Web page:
Look at the future: You will see today.

With exhaustive comparisons to the Roman example, many political scientists and historians argue that the US is in the verge of becoming an empire, if not already. Ignore the popular comments made in the media about how powerful a few other nations are emerging in the absence of a global superpower nemesis like the Soviet Union.Those nations may possess a growing economic power, however they lack the experience and expertise to act in the global arena.

The rules of political engagement were set by the West centuries ago and are still the same perhaps since the Roman times. How much any US president can challenge stark facts, national reflexes, and century old policies after her/his first State Department or NSA brief, or the domestic agenda amid the resistance from the congress? Perhaps deep down most voters are well aware of this truth and don’t seem to believe in solutions to the age old issues anytime soon. Could this be the reason behind one of the lowest voting rates in the world in the birth place of modern democracy?
During each election campaign, we watch the candidates rip each other apart in public debates, defame the other with smear campaigns and listen to their endless explanations on how to fix the unfixable. But the truth is, the establishment makes the calls and it’s up to the politician how to market it to the public. The truth is, it is the politician’s job to be the hero with these establishment driven successes and take all the blame with the failures. The truth is (using video game jargon) in the Western world the game rules are always set by some unknown Dungeon Masters, while the political leaders are just role players.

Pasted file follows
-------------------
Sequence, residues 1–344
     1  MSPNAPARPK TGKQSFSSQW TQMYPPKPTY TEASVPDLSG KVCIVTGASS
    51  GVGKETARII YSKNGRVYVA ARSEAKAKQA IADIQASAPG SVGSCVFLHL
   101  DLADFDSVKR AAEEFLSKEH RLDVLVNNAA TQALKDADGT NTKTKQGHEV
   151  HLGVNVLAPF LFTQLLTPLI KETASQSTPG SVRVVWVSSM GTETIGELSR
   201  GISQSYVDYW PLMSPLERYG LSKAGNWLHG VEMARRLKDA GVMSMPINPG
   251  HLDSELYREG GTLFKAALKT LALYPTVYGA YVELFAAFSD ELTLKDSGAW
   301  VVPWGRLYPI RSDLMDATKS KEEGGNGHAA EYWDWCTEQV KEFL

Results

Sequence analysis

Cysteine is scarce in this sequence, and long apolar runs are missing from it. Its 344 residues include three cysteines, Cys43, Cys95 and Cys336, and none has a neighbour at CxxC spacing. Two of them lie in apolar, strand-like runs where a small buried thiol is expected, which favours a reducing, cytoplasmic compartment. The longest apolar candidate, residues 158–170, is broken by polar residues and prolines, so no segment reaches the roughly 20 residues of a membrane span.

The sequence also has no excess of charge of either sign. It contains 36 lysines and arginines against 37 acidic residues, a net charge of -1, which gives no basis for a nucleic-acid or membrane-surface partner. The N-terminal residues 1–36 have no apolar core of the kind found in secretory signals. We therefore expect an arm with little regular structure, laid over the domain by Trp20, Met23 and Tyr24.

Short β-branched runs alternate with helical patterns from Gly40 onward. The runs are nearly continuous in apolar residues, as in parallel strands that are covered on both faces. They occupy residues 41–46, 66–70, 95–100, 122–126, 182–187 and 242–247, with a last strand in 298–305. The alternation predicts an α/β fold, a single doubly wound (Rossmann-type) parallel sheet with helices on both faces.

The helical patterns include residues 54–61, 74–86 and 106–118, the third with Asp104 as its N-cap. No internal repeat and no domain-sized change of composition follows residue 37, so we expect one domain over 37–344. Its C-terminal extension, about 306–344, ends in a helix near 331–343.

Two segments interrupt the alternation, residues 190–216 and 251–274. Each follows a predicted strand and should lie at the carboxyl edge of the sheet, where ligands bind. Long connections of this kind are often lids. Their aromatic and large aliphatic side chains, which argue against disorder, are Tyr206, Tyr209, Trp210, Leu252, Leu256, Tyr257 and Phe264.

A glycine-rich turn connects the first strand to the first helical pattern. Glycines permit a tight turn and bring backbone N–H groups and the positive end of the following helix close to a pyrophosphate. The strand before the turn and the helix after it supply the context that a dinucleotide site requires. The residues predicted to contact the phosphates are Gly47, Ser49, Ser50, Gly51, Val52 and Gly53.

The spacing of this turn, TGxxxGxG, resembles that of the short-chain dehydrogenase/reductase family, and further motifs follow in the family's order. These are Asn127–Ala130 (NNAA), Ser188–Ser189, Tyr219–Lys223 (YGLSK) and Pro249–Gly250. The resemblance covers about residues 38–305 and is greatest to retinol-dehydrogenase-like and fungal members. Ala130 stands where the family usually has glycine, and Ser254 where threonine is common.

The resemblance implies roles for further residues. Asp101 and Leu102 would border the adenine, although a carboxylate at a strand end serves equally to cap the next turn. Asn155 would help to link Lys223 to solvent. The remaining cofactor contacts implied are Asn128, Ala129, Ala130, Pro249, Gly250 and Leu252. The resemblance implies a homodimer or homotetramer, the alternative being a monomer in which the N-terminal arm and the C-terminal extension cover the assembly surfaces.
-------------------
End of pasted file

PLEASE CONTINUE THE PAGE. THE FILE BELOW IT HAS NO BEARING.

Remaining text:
Perhaps this explains all this admiration and interest in superheroes; the public’s longing for real leaders who can make a real difference.
Now, how about skipping the existing empire and checking out the next one, the one in Culpa Innata? It’s a popular belief that our past is a reflection of our future and that we can take many lessons from it. How about looking at this the other way around? Could a possible future of ours have a reflection on our present? Could we learn lessons from a projection? Perhaps?
I invite you to check out Culpa Innata and decide for yourself…